Western Canada Production Infrastructure Still Strong

CANADA - Canada Pork International says, despite the current problems facing Canada's pork industry, western Canada remains well positioned to provide quality pork to the world, writes Bruce Cochrane.
calendar icon 21 November 2008
clock icon 3 minute read

Over the past 18 months Canadian pork producers have been devastated by a combination of low hog prices, high input costs, the negative impact of a rising Canadian dollar and trade issues.

Canada Pork International director Florian Possberg told those on hand for Saskatchewan Pork Industry Symposium 2008, supplies had been declining, US exports and, to a lesser extent, Canadian exports were strong and prices were improving when the financial melt down hit affecting export sales.

Florian Possberg-Canada Pork International

How that affects our business is, places like Russia, for example; we don't sell there directly as producers.

We produce product.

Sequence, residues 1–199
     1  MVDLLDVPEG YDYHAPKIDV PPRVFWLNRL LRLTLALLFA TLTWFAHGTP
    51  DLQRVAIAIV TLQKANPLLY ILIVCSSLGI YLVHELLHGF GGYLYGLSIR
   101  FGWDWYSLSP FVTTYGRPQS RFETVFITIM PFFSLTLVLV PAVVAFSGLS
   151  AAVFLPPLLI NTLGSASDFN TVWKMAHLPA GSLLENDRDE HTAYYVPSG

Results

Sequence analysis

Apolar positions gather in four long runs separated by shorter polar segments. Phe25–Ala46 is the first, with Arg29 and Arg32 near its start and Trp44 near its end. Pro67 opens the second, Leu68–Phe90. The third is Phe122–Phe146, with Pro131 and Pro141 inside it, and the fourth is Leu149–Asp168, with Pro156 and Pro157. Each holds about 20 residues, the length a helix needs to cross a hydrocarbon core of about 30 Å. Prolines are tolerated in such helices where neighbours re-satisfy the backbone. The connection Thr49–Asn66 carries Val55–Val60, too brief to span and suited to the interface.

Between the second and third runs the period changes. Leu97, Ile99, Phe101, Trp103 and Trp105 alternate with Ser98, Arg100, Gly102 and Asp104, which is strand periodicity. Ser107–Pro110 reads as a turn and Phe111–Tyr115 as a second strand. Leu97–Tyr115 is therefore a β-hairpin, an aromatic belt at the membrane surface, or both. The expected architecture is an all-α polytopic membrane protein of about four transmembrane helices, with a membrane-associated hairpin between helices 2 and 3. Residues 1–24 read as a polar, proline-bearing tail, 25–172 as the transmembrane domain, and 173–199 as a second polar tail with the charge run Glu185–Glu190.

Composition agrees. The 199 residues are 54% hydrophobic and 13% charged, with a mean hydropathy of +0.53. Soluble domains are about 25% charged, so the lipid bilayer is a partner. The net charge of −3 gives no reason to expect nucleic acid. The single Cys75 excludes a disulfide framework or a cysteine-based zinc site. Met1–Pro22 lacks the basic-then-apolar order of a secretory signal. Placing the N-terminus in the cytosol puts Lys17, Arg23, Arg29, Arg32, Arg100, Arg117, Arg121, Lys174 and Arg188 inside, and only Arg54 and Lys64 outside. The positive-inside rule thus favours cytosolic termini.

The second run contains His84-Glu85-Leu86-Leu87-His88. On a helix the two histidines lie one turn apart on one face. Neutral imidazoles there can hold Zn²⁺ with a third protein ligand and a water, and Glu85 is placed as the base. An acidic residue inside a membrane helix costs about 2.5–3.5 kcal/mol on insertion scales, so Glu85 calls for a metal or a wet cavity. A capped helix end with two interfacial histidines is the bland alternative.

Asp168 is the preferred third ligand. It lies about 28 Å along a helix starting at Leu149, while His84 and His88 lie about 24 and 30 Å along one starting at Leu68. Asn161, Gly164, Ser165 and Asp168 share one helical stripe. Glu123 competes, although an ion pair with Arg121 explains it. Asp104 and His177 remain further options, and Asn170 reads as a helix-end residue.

Processors here often go through brokers, brokers go through brokers in Russia, brokers in Russia go to work through wholesalers to retailers.

When the credit disappeared there was no money in the system to fund their inventory as it was moving.

The fundamental need for that pork didn't change.

The ability to finance and make it happen did change and rather dramatically.

And so our hope now is that the world financial situation sorts itself out as quickly as possible so we can get back to some normality in our market place.

Possberg is convinced Canada's ability to supply meat around the world will get even stronger.

He stresses the fundamentals, that had been cause for so much optimism three to five years ago, including western Canada's open spaces, abundant feed grain supplies, infrastructure in place including roads and the established banking system, have not changed.

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